Braces are only one type of appliance an orthodontist may use on a patient’s teeth. They are used to straighten teeth and help with a misaligned bite, for example an overbite. They are most often made of metal. The metal brackets are bonded to the patient’s affected teeth and wires are used to connect the brackets. The wires are tightened to put pressure on teeth so that they will slowly move to the correct positions. An alternative to conventional braces is invisalign. Invisalign is a good choice for more minor teeth straightening. Some people prefer them because they cannot easily be seen by others.
Spacers are little plastic rings that are inserted between your back teeth. This is done prior to having your brace brackets put on to make room between the teeth.
A spring jet is a fixed appliance designed to help align your bite and dental arches. It has a spring that connects to bands on your back teeth.
The quad helix is attached to your back teeth by bands. It has four helix springs that are activated before being inserted. The device is used to widen the jaw to make more room for crowded teeth.
A palatal expander is used to separate the bone on the upper part of the mouth. Prior to about age 16, the bones have not yet fused, making it easier to separate. This is done to make more room in the upper jaw. It is installed in the mouth and a screw is turned to create a tiny expansion each day. It works over a matter of weeks or months of gentle expansion.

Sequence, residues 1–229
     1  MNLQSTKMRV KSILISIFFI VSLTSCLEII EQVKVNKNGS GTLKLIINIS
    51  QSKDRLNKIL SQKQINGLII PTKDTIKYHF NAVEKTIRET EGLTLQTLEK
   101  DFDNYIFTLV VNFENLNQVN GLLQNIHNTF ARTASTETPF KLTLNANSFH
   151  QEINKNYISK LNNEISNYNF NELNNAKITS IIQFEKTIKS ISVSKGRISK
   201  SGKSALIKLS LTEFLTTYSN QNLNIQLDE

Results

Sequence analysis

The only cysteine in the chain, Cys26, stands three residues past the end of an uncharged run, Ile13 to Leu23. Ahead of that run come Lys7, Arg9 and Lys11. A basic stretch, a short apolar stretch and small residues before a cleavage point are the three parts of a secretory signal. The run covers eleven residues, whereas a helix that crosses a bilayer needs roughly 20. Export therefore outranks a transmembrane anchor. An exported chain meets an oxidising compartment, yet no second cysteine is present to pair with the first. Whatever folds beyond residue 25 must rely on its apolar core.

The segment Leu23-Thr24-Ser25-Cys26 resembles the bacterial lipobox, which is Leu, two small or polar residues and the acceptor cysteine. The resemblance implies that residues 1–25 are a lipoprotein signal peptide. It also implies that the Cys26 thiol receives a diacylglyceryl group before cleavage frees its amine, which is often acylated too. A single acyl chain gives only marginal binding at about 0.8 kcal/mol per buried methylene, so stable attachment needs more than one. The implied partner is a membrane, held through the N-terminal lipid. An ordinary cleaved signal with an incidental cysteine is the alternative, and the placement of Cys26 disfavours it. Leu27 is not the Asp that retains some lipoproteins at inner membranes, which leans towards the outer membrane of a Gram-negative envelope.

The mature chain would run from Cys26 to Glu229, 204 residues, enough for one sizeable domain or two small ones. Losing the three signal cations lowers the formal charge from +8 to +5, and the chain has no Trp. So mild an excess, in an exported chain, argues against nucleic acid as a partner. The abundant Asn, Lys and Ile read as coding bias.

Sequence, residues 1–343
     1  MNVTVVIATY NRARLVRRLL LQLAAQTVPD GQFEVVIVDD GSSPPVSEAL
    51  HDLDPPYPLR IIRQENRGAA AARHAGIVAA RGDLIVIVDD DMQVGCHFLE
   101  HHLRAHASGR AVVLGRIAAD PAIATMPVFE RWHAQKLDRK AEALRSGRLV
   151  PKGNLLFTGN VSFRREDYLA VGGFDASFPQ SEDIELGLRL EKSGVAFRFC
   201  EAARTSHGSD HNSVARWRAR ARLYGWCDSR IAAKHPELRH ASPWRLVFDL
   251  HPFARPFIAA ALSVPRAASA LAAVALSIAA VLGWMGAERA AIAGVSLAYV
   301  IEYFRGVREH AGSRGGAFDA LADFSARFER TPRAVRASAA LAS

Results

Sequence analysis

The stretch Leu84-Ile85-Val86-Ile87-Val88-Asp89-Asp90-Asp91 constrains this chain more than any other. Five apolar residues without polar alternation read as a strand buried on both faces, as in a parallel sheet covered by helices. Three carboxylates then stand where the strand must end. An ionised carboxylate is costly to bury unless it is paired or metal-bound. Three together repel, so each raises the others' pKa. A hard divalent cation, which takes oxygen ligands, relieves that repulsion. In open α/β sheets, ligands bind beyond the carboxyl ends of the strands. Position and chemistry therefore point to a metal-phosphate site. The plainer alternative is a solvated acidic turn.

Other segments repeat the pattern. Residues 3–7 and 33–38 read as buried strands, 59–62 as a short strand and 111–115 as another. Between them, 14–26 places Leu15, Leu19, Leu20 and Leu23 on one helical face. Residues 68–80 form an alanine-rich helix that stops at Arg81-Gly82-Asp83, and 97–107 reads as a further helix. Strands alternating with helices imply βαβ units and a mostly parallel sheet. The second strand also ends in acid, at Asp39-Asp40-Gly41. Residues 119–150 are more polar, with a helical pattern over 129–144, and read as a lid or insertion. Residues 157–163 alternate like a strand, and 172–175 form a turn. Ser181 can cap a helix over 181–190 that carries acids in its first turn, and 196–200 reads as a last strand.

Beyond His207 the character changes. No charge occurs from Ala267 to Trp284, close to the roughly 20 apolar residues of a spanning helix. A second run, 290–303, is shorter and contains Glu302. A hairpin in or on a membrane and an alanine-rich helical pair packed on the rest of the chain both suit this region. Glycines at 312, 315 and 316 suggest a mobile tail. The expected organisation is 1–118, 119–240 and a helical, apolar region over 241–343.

Retainers are used after the braces are taken off of the teeth. It is used to keep the teeth in place while they settle into their new position. Retainers can be removable or bonded behind the teeth for a semi-permanent solution. They are often made out of plastic with metal wires but may also be made from rubber materials.
An orthodontist has a wide variety of appliances available to treat patients. Patients differing needs require specialized treatments and appliances. Contact Gorton and Schmohl Orthodontics for a consultation today.
Dr. Jasmine Gorton, a Bay Area native, graduated from UC Berkeley with Bachelor degrees in both Integrative Biology and Social Sciences and then went on to graduate from Harvard with honors for her Doctorate in Dental Medicine.
She continued her education at UCSF with a Postdoctoral Fellowship in Growth and Development, followed by an Orthodontic Residency with a Master of Science in Oral Biology.
She is Board Certified in Orthodontics. She received the American Association of Orthodontics Award for Craniofacial Research and the Harvard Odontological Society Award for Excellence in Research. Her work on preventing decay around braces has been published in the American Journal of Orthodontics.